blue boat home: he wa’a, he moku

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When I set out in my kayak for a day, I consider…

…the coconut…

Image result for moana images coconut

eh, sorry Moana, too much time listening to your awesome soundtrack and finding tumblr memes…

But…that song, actually, is about sustainable village life on an island. “The island gives us what we need…” If you live on an island, you consider your resources, and if you are wise, you use them carefully.

If you are setting out for a day or a few hours in a kayak (the boat you wear) you consider carefully what you need, no less (lack of a compass could be critical as could lack of enough water, or warmer layers as the weather changes), no more (do I really need a dozen donuts? Can you say Sugar Bonk?). You drink what you need but don’t guzzle, you don’t eat all your rations at once…


On a boat of any size, your world is limited to the length of your deck, and to the line where the sky meets the sea. You become very aware of what you need to make the voyage.

The Hawaiian voyaging canoe Hokule’a is a reproduction of the kinds of boats (wa’a, waka, vaka, va’a) that carried Polynesian voyagers across the Pacific for millennia. She’s been on a worldwide voyage, themed malama honua, caring for island earth, and is returning to the Pacific now.

Related image

If you lived in Hawaii, and were in middle school, you could enter this story contest…

If you don’t, there are still things you can learn, or use to teach … 

(find them on that same page)

Their theme is ”He Wa’a, He Moku – Mālama Honua: Caring for Our Island Earth”…

“He waʻa he moku, he moku he waʻa”, translates simply as “the canoe is an island, and the island is a canoe.”

South Island in New Zealand (Aotearoa) is, according to legend, Te Waka a Maui, or Maui’s canoe.

All of us who have ventured forth in small boats devoid of engines are keenly aware of the limits of wind and oar and paddle (somewhere I read that scientists finally figured out that the Polynesian voyagers HAD to sail, they could not have paddled and kept enough food on the ships to do that), and the limits of our resources.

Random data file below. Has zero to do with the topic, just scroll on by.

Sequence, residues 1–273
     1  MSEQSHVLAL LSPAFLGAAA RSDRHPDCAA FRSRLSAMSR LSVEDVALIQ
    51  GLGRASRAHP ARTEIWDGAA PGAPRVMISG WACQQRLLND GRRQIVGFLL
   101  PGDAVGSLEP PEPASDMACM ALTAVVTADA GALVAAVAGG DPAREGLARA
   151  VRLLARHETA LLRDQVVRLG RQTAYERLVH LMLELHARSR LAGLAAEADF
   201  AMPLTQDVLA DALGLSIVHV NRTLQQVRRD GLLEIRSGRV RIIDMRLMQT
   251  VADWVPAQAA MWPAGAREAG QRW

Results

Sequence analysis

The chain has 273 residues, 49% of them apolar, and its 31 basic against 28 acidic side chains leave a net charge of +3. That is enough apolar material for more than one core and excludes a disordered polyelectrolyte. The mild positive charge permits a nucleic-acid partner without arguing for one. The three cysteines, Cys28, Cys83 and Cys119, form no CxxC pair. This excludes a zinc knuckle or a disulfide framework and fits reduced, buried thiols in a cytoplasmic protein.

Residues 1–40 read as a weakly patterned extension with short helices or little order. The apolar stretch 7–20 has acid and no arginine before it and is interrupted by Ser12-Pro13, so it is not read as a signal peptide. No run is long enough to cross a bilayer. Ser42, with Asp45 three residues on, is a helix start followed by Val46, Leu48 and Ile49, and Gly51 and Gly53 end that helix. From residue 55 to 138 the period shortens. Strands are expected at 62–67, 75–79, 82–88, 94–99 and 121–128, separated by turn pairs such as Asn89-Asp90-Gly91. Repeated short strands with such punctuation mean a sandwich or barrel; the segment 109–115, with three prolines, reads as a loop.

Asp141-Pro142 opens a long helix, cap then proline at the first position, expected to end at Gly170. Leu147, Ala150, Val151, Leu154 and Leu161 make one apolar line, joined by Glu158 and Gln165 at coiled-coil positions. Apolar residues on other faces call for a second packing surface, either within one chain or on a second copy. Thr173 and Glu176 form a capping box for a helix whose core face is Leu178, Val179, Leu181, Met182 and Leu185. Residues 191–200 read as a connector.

In a kayak, or a Viking ship, or a wa’a, you are closer to the water, the wind, the marshes and beaches. You FEEL the shape of the sea, FEEL the bottom come up under you in the shallows, SMELL the grass and trees as you approach land across open water. You’re close when the eagle chases the osprey for its fish, when the skimmer unzips the water’s surface, when the fins of rays break the surface at the end of your paddle blade.

And you care.

Island Earth is in trouble… so what will you do? How will you malama honua?


Some of my other favorite “blue boats”…



Technically, still travelling over water (frozen), a Force of Nature harnesses (for ships, wind, for sleds, dogs), and the double “hull” (runners) creates a lighter, faster footprint than a “monohull” (toboggan).


And this… a folk song by Peter Mayer called Blue Boat Home which sums it all up… (click on the pic above for a youtube video of the song). Set to the hymn Hyfrydol by Rowland Huw Prichard.

Though below me I feel no motion
Standing on these mountains and plains
Far away from the rolling ocean
Still my dry land heart can say
I’ve been sailing all my life now
Never harbor nor port have I known
The wide universe is the ocean I travel
And the Earth is my blue boat home

Sun, my sail and moon, my rudder
As I ply the starry sea
Leaning over the edge in wonder
Casting questions into the deep
Drifting here with my ship’s companions
All we kindred pilgrim souls
Making our way by the lights of the heavens
In our beautiful blue boat home

I give thanks to the waves upholding me
Hail the great winds urging me on
Greet the infinite sea before me
Sing the sky my sailor’s song
I was  born upon the fathoms
Never harbor or port have I known
The wide universe
is the ocean I travel
And the Earth is my blue boat home
The wide universe
is the ocean I travel
And the Earth is my blue boat home



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